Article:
Keep your eye on the bigger picture. Facebook’s $100 billion valuation was never about its first-hour pop or its second-quarter earnings. The valuation reflected a belief about the future — by definition, not reflected in today’s numbers — that the biggest Internet company, as measured by attention, simply had to become the biggest Internet company, as measured by market cap.
“When you’re trading at massive multiples, any hint of a slowdown in growth, or of failing to meet pretty aggressive targets, is a key sell signal,” Felix Salmon writes. Too true. But, as I’m sure Felix would agree, the implicit assumption behind Facebook’s $100 billion valuation was that Mark Zuckerberg, boy-king and chancellor of the social universe, could transcend the drudgery of banner ads-per-user. Facebook is deeper, wider, more media-pervasive, and life-insinuating than every social media company put together. How does that sort of company not become the next Google?! … is the kind of rhetorical question buyers were asking themselves.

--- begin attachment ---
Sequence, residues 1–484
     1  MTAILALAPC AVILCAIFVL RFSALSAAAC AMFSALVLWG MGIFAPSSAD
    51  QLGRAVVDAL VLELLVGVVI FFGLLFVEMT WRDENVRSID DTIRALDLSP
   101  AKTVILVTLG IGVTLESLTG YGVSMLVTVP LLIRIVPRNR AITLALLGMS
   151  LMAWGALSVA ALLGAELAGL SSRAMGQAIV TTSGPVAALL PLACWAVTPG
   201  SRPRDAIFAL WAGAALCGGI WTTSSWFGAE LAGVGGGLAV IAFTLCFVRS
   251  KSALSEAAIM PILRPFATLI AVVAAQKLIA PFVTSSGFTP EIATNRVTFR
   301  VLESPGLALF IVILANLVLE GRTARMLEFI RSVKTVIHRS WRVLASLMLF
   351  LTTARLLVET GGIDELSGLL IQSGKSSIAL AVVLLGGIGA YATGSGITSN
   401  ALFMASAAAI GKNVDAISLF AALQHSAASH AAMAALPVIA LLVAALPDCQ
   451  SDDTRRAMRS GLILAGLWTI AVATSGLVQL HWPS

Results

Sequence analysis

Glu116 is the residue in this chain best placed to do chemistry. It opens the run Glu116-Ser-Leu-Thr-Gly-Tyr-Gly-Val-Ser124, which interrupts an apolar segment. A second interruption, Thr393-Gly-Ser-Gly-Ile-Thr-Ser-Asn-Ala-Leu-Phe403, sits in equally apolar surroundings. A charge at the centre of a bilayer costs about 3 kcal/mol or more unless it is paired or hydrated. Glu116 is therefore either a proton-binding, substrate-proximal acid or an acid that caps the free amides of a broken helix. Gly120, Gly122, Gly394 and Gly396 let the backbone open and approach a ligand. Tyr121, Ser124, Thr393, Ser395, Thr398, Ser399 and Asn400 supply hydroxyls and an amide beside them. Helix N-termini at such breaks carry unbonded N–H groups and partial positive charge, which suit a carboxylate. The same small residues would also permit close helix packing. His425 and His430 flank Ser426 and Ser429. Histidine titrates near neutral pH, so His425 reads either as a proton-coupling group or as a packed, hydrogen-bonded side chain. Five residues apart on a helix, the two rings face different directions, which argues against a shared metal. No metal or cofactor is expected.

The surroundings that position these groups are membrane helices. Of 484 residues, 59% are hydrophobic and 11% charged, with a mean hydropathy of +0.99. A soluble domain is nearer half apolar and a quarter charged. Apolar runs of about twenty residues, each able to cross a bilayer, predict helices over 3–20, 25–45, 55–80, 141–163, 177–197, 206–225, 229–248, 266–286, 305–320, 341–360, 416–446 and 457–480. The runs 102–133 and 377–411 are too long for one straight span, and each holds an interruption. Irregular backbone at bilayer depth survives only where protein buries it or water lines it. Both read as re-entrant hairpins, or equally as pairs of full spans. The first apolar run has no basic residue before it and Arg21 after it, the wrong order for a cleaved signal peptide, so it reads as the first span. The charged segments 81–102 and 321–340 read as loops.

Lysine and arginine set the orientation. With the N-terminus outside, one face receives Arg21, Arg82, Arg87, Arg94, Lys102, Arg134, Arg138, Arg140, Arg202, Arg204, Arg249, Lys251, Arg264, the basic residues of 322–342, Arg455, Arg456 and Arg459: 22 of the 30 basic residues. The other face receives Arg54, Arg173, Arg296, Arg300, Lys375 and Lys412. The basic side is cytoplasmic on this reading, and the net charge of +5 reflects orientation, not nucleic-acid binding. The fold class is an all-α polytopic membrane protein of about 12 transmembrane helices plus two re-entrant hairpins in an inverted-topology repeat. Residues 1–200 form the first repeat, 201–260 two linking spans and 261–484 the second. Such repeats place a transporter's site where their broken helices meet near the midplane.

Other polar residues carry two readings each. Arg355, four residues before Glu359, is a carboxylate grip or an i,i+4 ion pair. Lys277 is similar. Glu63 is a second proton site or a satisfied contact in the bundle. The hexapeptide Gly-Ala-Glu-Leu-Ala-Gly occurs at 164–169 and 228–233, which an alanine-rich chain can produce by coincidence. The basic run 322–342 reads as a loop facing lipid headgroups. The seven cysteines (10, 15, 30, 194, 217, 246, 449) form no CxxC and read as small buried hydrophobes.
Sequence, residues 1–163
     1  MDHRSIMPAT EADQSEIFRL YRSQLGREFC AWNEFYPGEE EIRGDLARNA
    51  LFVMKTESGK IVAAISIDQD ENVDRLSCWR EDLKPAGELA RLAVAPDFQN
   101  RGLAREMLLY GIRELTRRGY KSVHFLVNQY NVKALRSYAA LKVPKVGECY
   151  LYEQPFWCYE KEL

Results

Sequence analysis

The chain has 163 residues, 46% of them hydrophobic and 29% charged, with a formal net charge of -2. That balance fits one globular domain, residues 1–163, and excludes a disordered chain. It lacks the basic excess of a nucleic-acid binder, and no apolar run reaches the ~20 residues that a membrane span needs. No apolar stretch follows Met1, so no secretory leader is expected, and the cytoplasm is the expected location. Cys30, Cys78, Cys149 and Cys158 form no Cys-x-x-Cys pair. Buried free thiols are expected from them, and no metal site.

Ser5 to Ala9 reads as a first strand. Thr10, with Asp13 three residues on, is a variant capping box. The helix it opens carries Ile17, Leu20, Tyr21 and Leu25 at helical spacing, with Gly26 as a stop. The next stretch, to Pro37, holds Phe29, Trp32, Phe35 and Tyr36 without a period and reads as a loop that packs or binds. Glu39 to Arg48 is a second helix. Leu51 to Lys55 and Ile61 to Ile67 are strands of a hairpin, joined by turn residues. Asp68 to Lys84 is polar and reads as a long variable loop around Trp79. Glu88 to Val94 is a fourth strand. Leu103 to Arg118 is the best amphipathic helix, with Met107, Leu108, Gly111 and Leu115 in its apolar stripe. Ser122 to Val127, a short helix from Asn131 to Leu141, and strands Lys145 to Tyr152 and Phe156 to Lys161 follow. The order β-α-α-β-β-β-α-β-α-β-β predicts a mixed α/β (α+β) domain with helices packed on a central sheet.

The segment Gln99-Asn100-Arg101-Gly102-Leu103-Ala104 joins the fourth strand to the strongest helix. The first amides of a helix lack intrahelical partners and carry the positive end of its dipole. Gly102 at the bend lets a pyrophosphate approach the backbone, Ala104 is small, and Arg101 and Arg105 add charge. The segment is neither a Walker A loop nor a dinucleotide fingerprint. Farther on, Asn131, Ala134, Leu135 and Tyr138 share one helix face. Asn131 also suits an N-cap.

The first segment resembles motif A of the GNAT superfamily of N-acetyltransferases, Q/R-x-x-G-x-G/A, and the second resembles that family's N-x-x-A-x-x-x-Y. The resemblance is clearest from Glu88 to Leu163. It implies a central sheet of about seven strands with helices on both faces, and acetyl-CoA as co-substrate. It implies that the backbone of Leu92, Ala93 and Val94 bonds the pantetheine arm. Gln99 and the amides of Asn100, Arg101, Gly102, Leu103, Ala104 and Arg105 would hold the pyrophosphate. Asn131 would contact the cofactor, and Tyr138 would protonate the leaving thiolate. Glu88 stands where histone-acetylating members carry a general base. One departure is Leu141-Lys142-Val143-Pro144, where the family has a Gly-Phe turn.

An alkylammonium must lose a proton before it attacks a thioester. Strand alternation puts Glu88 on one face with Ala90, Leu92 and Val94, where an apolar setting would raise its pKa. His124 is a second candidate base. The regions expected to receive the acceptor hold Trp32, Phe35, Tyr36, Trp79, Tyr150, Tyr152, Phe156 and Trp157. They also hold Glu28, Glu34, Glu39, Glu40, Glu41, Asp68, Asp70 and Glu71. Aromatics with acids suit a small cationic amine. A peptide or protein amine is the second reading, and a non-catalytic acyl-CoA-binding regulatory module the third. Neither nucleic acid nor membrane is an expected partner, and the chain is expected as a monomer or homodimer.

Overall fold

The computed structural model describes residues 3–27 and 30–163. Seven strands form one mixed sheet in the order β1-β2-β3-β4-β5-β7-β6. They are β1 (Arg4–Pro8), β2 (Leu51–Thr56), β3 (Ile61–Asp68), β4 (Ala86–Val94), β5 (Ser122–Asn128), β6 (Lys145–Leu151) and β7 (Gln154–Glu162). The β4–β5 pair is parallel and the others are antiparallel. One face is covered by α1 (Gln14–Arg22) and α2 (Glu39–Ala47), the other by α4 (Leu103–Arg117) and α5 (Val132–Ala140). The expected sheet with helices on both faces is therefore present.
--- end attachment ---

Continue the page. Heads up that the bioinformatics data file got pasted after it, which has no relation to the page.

“If Facebook’s profit model stays the same, this valuation doesn’t make any sense,” Espen Robak, the president of Pluris Valuation Advisors, told me on Friday morning, just minutes before Facebook traded publicly for the first time. In one or ten years, Facebook won’t be judged by Nasdaq’s glitches, or its executives’ alleged snitches. It will be judged by the degree to which Zuckerberg meets the historic burden of expectations placed on his company’s shoulders. Hiccups or no hiccups, this was always a bet on something not unlike magic.